European Union Seeks 35 Percent Cut On CO2 Car Emissions By 2030
Member states of the European Union have agreed on Tuesday on a proposal seeking a 35 percent cut in car emissions by 2030 following a report from the UN regarding the rapidly rising rate of global warming. Germany, meanwhile, voiced concerns on the impact that these new challenging environmental policies could make saying that this could put the auto manufacturing industry at risk and endanger thousands of jobs.
In the report from Auto News, several members of the bloc had sought higher CO2 emission reduction rates at 40 percent following a close deliberation in Luxembourg last week. Ireland and Netherlands were among those countries who voiced out their disappointment on the compromise deal.
Germany, on its case, supported the EU executive proposal to settle the rate at around 30 percent for new cars and vans in 2023. Berlin, with its big auto sector, found backing from other Eastern European nations to go up against the steep reduction targets, unnamed EU sources said.
As indicated over at Reuters, the initial compromised agreement made by the panel of EU environment ministers in Luxembourg City is yet to be finalized this Wednesday by the two other lawmaking bodies of the Union: the European Parliament and the European Commission. Each of the committees has different leanings on the proposal.
The EU Parliament, for instance, is seeking a higher climate target similar to what Ireland and Netherlands proposed for. On the other hand, the European Commission is looking to settle at a much lower level with the preservation of industrial competitiveness in mind.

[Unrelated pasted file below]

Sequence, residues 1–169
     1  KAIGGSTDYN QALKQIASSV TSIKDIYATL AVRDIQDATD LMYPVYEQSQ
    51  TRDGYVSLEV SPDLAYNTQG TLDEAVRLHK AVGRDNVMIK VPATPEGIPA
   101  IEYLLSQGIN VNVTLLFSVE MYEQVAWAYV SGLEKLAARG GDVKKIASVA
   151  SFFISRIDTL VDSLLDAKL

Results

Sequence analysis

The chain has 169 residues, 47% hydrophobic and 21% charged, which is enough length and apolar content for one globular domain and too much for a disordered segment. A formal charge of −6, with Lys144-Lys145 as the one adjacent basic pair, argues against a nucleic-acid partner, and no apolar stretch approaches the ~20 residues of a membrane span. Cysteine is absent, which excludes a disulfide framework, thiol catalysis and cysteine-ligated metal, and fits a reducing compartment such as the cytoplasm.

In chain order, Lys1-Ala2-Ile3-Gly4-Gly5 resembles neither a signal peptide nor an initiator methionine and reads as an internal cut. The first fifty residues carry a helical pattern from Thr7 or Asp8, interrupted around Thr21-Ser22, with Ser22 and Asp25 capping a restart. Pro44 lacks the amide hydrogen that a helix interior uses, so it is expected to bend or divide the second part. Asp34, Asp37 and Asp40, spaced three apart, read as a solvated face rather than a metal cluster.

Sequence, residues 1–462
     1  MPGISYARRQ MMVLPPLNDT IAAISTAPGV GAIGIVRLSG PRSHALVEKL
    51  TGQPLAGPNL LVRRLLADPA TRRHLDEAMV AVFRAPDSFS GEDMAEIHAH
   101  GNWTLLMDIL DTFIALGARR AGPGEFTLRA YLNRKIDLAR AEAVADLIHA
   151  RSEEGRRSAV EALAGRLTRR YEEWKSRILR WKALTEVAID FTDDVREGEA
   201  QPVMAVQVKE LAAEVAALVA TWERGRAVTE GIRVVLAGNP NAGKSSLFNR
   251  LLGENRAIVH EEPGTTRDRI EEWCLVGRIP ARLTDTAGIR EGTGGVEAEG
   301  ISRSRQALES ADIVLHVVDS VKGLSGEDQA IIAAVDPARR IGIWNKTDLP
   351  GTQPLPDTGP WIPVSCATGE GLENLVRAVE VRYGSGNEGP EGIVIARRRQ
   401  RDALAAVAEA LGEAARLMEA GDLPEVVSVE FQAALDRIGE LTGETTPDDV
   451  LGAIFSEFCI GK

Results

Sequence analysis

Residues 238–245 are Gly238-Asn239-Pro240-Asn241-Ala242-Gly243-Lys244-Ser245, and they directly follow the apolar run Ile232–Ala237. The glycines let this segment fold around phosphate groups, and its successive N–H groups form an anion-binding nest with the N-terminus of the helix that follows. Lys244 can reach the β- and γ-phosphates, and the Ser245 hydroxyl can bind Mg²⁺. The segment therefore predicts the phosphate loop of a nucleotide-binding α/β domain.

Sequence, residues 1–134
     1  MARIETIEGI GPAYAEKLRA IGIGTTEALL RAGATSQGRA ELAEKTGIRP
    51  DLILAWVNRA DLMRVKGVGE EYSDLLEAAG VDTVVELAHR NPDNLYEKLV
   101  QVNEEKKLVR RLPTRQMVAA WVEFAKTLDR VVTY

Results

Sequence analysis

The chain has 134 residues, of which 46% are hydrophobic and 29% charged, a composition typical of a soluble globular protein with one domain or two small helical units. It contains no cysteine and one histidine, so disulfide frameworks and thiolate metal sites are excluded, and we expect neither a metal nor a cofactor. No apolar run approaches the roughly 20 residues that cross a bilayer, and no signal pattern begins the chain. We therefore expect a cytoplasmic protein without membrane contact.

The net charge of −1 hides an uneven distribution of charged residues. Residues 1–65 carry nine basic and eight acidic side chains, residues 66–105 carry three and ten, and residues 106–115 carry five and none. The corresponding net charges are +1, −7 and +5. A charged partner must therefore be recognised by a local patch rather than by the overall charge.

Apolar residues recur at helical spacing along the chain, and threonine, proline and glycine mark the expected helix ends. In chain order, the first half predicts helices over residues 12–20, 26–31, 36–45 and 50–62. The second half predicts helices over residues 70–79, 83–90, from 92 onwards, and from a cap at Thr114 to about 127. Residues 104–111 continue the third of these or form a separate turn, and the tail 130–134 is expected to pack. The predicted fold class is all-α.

UN Environmental Report
A joint communiqué released earlier by the different branches of the EU ruling commission expressed deep concern on a report by the UN which calls for the bloc of highly developed countries to spearhead the campaign to contain the rapidly worsening global warming conditions, the report from CNBC said.
The EU has since held back a bit from their pledge in emission reduction based on the 2015 Paris climate accord.
A lot of environmental activities point out on Germany's relatively softer stance on the issue in relation to its bustling auto industry. This is despite the fact that the powerful nation has been marred with different scandals involving its auto market. In 2015, for example, Volkswagen admitted to having used a software to tweak its emission tests on more than 10 million diesel vehicles.
On its defense, Berlin reiterated that if the initial high targets are to be followed, it would inevitably affect the auto exports and thereby threaten thousands of jobs in the country.